Trivia in the Kitchen, Number Thirteen!

November 1, 2014

This week, we are looking at the iconic American foods and ranking them in order by popularity.  Cheeseburgers have been replace by pizza (pepperoni specifically) as the most favorite food in America (no surprise here).  Do you prefer thin or thick crusts?  What are your favorite toppings?  And, did you know that October is National Pizza Month?  Did you also know that approximately 350 slices of pizza are consumed every second of the day?  Italy, is acknowledged as the birthplace of pizza as we know it, though earlier forms existed 2,000 years ago in the Middle East.  Here is a link to some fun facts about pizza.  Below is the list of the top-25 favorite American foods.  Where are your favorites on the list?

25. Buffalo Wings
24. Cobb Salad
23. Corn Dogs
22. Cheesesteaks
21. Banana Splits
20. Reuben Sandwich
19. Chili
18. Cheese Curds
17. Lobster Rolls
16. Macaroni and Cheese
15. Biscuits and Gravy
14. Spaghetti and Meatballs
13. Barbecued Ribs
12. Apple Pie
11. S’Mores
10. BACON,Lettuce, and Tomato Sandwich
9. Meatloaf
8. Grilled Cheese Sandwich
7. Tater Tots
6. Peanut Butter and Jelly Sandwich
5. Nachos
4. Cheeseburgers
3. Root Beer Float
2. Chocolate Chip Cookies
1. Pepperoni Pizza

Interruption!

October 31, 2014

Happy Halloween!

Here is another delightful poem about manners courtesy of the Goops.  Enjoy!

Don’t interrupt your father when he’s telling funny jokes;
Don’t interrupt your mother when she’s entertaining folks;
Don’t interrupt the visitors when they have come to call,
In fact, it’s generally wiser not to interrupt at all.

Source: Goops and How to Be Them: a Manual of Manners for Polite Infants Inculcating Many Juvenile Virtues Both by Precept and Example by Gelett Burgess.

The Ninevite, Part Two!

October 30, 2014

Here is the conclusion of this wonderful poem . . .

Her silly parents were amazed,
An d in their hearts her conduct praised;
They saw she minded what they said,
Nor feared she now could be betrayed;
And therefore begged that she would go
To every ball and every show.

Her parents she in this obeyed,
But yet the idiot was afraid,
And  never could be brought to dance,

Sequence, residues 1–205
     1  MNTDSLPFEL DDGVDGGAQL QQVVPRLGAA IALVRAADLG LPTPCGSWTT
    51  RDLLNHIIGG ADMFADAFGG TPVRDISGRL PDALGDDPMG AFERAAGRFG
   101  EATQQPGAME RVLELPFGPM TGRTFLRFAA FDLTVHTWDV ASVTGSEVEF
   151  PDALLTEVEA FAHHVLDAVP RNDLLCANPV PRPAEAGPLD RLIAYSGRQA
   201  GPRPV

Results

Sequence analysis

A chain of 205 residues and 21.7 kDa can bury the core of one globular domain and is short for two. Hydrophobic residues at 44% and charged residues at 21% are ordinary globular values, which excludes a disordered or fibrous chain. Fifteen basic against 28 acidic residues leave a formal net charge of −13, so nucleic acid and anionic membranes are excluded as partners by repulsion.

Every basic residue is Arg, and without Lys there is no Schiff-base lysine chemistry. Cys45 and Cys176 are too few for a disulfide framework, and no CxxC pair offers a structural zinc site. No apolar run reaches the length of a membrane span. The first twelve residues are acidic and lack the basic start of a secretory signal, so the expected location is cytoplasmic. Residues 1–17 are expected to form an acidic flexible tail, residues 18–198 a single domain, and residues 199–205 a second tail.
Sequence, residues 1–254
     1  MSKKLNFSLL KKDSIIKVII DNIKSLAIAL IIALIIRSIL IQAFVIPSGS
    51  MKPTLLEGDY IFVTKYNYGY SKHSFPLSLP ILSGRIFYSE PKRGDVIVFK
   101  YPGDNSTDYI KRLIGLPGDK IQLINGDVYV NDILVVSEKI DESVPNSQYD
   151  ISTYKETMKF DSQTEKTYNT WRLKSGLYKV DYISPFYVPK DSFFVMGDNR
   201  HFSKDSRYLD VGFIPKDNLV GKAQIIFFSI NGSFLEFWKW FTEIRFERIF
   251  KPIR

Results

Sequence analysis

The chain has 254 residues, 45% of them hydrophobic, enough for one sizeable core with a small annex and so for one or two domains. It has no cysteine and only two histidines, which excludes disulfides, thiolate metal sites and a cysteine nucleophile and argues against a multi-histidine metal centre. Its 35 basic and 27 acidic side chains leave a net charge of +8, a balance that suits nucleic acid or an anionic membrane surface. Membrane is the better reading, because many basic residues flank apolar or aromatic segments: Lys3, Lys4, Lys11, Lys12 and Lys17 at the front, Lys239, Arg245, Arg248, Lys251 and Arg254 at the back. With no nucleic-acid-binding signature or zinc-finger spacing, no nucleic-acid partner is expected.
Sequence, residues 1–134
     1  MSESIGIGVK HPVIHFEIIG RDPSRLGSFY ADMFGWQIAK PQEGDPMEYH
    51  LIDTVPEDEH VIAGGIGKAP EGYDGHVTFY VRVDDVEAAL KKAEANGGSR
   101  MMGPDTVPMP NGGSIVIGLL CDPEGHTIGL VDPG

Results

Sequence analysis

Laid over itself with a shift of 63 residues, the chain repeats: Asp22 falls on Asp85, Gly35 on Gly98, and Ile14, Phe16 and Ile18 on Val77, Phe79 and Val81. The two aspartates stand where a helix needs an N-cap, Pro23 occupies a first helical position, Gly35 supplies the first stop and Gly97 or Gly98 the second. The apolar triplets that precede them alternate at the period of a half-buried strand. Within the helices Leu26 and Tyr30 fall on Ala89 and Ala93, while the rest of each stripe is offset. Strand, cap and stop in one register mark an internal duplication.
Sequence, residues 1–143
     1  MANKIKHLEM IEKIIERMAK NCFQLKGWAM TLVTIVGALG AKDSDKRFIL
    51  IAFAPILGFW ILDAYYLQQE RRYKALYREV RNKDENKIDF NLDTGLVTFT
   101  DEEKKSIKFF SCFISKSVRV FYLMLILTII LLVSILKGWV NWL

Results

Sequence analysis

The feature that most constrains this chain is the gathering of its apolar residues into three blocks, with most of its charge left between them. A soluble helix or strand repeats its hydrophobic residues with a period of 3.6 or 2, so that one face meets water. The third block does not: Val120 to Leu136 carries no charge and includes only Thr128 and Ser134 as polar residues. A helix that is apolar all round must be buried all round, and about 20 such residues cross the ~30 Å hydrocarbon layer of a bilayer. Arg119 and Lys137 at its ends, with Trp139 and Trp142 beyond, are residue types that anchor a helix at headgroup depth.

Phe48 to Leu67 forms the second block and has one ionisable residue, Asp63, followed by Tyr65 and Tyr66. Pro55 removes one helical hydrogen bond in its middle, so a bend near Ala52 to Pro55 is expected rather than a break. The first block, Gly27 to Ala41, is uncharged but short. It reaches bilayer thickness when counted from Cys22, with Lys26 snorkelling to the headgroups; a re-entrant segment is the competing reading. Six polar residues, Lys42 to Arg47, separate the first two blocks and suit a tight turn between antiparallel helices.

Lest she should meet with some mischance;
But to her cousin Tom declared,
“Her love to honor and it’s guard;
“That, when she sat on’t, she was sure
“Her dear loved honor was secure,
“But if she danced, or jumped about,
“She feared her honor might dropout.”
The lewd young dog, overjoyed at this,
To Sally said, “My pretty Miss,
“What you, my dear, have said, is true,
“But I will tell you what I’ll do;
“Go with me, till those people sup,
“So close I’ll stitch your honor up,
“That without other guard you may
“Be free from fear by night or day.”

See how a fool may be deceived,
The changeling the young rake believed;
And, stealing out, asked of the spark,
“If he could stitch her in the dark.”

“Yes, yes,” said Tom, — But Sally said,
” ‘T’will hurt my honor I’m afraid.”
“The first stitch only,” said the rake,
“Perhaps may make your honor ache.”

Tom stitched and stitched, long as he could,
And swore his workmanship was good;
But when he meant to go away,
Wise Sally cried “Dear Tommy, stay.
“You have not stitched ma half, I fear,
“Feel, Tommy, what a gash is here!”

Tom sighing, said, “That’s true indeed,
“But now I am run out of thread;”

And going off, the fair one cries,
“Dear Tommy, you are telling lies,
“And only make a false excuse,
“You still have left two swinging clews!”:

Note: printed on the page following the title page was the following: “from a collection of poems that have been generally ascribed to Thomas, sixth Earl of Harrington. He was the son of Charles, the fifth Earl, and Margaret Lesslie, Countess of Rothes; and fought on the Royal side at the battle of Shirreffmuir, along with his brother John Lesslie, Earl of Rothes, and his own son, Lord Binning. These poems, according to Pinkerton, were printed about 1730, and have been reprinted in 1753, 1765, 1767, and 1777. He was also the author of a treatise on forest trees, which has gone through several editions. He died in 1735.” However, if these dates are correct (and I am by no means an expert historian in such matters), these poems could only have been written by either the first or second Earl of Harrington (William Stanhope and W.S. Jr.).

The Ninevite, Part One!

October 29, 2014

Here is the next installment of poetry generally attributed to Thomas, the sixth Earl of Harrington (circa 1730).

The Ninevite
Whoever believes that want of sense,
Can be to virtue a defence,
And keep a maid from doing ill,
May, if he pleases, think so still.
For me, of two things I am sure,
That honor cannot be secure;
And virtue may be soon ensnared,
When folly is its only guard.

To prove the truth of what I’ve said,
In Durham lived a charming maid,
A prebend’s daughter, young and fair,
Her father’s darling, mother’s care;
Never was a finer figure seen,
But, ah! she was a mere machine,
From wit, from sense, from knowledge free,
She wondered one and two made three..
Yet both her eyes threw darts around,
And Sally many lovers found.

Achilles’ spear, the poets say,
Could wound, and pains of wounds allay;
So Sally’s tongue brought quick relief,
To those who suffered amorous grief.

Her parents, conscious how she charmed,
With constant fears the fair alarmed;
And begged their daughter to beware
Of men, who would her heart ensnare;
That she would her dear honor mind,
And keep at distance from mankind,
Who still would make attempts upon her,